Phineas T. Flagg: does the name sort of ring a familiar bell? Maybe because the name sounds like Phileas Fogg in Jules Verne's "Around the World in Eighty Days" or Phineas Finn in the Anthony Trollope novels?
Well, don't be confused. If the Six Flags Corp., the developer of nine suburban theme parks, gets its way, Phineas T. Flagg will be a household personality here by the end of the summer.
Six Flags today unveiled Phineas Flagg, an eccentric, brilliant but entirely fictitious person. He will be the central figure of the soon-to-be-opened Six Flags "urban entertainment center" housed in a 90-year-old renovated power plant at the Inner Harbor here.
"He's the glue that ties the power plant together," said Six Flags marketing director Larry D. Norton at a press conference.
He outlined a string of colorful turn-of-the-century entertainments -- all "bequeathed" to Baltimore by the "legendary" Phineas Flagg -- including a Magic Lantern Theatre, Circus of the Mysterious, Chamber of Science and a 3-D style "Sensorium" movie complete with sounds, smells and seats that shake and rattle, like the "feelies" of Aldous Huxley's "Brave New World."
The center, the newest attraction to hustle for tourist dollars in the popular Inner Harbor, is scheduled to open July 1.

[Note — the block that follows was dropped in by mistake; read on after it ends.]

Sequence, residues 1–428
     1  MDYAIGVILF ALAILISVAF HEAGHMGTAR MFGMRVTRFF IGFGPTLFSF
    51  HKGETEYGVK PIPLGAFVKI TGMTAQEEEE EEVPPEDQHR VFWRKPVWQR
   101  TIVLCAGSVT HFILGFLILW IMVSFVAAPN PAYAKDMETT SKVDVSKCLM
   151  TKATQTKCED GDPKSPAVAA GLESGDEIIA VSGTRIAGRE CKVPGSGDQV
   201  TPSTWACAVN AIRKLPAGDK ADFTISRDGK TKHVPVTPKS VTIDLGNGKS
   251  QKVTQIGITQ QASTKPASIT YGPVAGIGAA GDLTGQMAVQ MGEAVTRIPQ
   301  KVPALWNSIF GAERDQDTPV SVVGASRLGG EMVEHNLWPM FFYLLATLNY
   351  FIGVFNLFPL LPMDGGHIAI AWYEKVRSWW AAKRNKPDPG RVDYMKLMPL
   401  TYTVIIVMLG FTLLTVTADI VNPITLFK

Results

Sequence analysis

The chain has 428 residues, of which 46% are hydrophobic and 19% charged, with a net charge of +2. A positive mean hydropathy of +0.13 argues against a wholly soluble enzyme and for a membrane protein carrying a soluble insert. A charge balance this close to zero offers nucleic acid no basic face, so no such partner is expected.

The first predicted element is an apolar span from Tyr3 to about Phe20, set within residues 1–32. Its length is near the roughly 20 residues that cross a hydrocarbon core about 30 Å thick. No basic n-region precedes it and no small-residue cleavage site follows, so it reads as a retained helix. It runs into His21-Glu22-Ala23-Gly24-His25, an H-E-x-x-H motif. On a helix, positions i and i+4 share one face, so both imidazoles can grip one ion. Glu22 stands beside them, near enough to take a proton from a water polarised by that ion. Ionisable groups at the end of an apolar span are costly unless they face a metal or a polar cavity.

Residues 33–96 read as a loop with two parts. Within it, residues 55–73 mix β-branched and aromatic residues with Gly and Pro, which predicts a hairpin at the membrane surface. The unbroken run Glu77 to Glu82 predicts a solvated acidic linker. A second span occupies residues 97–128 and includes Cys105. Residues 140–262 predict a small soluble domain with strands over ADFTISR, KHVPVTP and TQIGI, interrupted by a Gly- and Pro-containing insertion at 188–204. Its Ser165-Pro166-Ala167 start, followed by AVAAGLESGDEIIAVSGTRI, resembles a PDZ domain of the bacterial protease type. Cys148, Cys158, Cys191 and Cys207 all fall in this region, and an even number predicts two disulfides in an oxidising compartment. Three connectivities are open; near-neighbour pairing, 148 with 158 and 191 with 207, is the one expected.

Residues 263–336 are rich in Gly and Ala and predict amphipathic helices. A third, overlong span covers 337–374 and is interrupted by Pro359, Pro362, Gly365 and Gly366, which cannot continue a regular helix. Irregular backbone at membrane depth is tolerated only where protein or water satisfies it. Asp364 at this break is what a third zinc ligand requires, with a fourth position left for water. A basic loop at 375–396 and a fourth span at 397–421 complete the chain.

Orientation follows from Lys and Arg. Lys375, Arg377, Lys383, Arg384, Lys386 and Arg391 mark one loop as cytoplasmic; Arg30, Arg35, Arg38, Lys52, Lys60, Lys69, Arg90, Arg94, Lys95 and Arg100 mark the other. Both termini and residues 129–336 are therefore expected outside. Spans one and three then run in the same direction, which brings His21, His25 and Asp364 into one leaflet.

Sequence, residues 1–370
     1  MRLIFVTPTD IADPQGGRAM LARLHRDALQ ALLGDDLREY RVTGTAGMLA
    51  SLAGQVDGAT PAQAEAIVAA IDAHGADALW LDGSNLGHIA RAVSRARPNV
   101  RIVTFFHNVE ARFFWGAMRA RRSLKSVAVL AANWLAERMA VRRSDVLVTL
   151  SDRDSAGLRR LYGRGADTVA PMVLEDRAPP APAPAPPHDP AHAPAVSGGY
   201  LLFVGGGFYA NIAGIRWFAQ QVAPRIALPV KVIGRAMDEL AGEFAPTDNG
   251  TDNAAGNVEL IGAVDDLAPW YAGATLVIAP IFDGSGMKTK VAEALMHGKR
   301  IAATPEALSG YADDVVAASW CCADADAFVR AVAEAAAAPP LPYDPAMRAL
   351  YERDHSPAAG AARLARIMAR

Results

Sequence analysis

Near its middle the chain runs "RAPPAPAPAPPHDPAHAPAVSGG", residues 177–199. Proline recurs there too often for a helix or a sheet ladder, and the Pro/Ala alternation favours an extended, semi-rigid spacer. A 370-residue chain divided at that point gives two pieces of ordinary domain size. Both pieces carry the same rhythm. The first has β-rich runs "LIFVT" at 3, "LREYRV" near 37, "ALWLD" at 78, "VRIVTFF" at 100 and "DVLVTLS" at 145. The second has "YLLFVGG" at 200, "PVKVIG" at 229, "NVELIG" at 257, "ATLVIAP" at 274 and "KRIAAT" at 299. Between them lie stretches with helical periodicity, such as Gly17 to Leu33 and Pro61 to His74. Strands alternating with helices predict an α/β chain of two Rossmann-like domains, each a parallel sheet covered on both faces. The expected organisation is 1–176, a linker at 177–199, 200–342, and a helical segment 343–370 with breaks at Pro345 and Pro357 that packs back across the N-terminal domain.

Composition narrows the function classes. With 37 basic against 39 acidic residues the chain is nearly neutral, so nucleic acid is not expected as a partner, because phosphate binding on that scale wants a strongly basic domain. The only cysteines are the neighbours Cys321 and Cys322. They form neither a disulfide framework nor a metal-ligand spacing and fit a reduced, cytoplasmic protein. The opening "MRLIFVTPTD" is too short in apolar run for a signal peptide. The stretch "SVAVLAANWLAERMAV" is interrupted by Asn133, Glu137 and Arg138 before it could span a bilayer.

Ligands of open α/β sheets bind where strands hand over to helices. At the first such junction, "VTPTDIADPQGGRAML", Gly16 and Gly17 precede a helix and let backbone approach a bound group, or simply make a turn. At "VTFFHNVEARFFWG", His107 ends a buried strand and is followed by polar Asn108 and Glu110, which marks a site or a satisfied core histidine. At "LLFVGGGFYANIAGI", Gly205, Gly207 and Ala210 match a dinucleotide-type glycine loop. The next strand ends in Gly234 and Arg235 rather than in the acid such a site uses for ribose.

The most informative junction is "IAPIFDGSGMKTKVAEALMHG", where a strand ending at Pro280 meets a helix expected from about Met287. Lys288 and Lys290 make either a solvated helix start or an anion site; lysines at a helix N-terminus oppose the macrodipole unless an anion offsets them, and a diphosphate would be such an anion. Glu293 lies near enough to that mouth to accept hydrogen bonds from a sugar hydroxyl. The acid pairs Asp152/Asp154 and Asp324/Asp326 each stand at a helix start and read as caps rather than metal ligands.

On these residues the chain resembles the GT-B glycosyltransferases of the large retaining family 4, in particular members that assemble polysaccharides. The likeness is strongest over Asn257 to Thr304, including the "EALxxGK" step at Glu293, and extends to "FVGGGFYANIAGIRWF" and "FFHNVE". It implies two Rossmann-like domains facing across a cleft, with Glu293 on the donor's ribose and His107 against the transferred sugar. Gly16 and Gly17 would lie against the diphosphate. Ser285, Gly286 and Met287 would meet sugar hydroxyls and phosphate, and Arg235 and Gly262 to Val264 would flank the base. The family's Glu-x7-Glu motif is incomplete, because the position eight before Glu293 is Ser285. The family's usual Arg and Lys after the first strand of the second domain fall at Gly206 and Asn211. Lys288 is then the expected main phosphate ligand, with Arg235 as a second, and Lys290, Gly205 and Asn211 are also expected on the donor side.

Admission, officials said, will be $7.95 a head for adults, $5.95 for children aged 4 to 11 and free for those under 4. Norton said the center will employ 300 persons and is expected to attract about 6,500 patrons daily this summer.
Norton stressed that the center is a unique experiment in "urban entertainment." It is enclosed and does not have the large-scale rides and exhibits of outdoor suburban theme parks.
A ferris wheel, carrousel and locomotive originally planned for the center were abandoned because of space limitations.
Six Flags officials staged a press tour of the massive power plant today, promising reporters that the center will open on schedule, despite similar assurances two years ago that it would open in 1984.
"The construction is very much on target," said building guide Fran Cartwright, stepping around sawhorses and piles of lumber.
Norton said the exhibits and shows are being built with the latest in computer technology.
The Magic Lantern Theatre, for example, he said, will feature computer-controlled mechanical dolls and a large portrait of Phineas Flagg will be animated by 20,000 filament-like fiber optics interplaying with special lights.
"In the Chamber of Science, there will be spark jars and lightning going up and down pylons," Norton said.
The entertainment center, originally estimated as costing $19.8 million to build, will cost about $25 million by the time it opens, he said, plus $185,000 annual rent to the city, which owns the building.
Asked if Phineas Flagg's name was designed to be associated with Phileas Fogg of Jules Verne fame, Six Flags spokeswoman Lis Silby said, "Not as far as I know. The only thing that was deliberate was the play [of words] on our own name."